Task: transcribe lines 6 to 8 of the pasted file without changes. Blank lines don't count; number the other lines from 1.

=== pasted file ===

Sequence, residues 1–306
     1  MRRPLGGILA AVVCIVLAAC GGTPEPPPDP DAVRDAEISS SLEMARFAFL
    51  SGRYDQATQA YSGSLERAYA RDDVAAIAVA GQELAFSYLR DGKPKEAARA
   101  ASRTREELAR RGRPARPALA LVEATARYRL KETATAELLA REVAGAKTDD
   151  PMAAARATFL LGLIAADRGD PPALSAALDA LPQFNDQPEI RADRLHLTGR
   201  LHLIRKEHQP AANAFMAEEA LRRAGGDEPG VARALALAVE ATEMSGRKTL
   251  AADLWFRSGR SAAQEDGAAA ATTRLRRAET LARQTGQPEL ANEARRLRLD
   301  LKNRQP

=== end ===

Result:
   201  LHLIRKEHQP AANAFMAEEA LRRAGGDEPG VARALALAVE ATEMSGRKTL
   251  AADLWFRSGR SAAQEDGAAA ATTRLRRAET LARQTGQPEL ANEARRLRLD
   301  LKNRQP